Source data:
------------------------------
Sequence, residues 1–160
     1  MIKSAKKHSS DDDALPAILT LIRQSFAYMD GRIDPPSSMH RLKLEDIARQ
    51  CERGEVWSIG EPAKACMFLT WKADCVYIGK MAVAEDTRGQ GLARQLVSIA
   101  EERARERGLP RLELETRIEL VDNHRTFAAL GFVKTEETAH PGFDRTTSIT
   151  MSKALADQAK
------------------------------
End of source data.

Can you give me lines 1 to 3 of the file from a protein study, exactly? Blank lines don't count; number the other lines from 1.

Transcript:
Sequence, residues 1–160
     1  MIKSAKKHSS DDDALPAILT LIRQSFAYMD GRIDPPSSMH RLKLEDIARQ
    51  CERGEVWSIG EPAKACMFLT WKADCVYIGK MAVAEDTRGQ GLARQLVSIA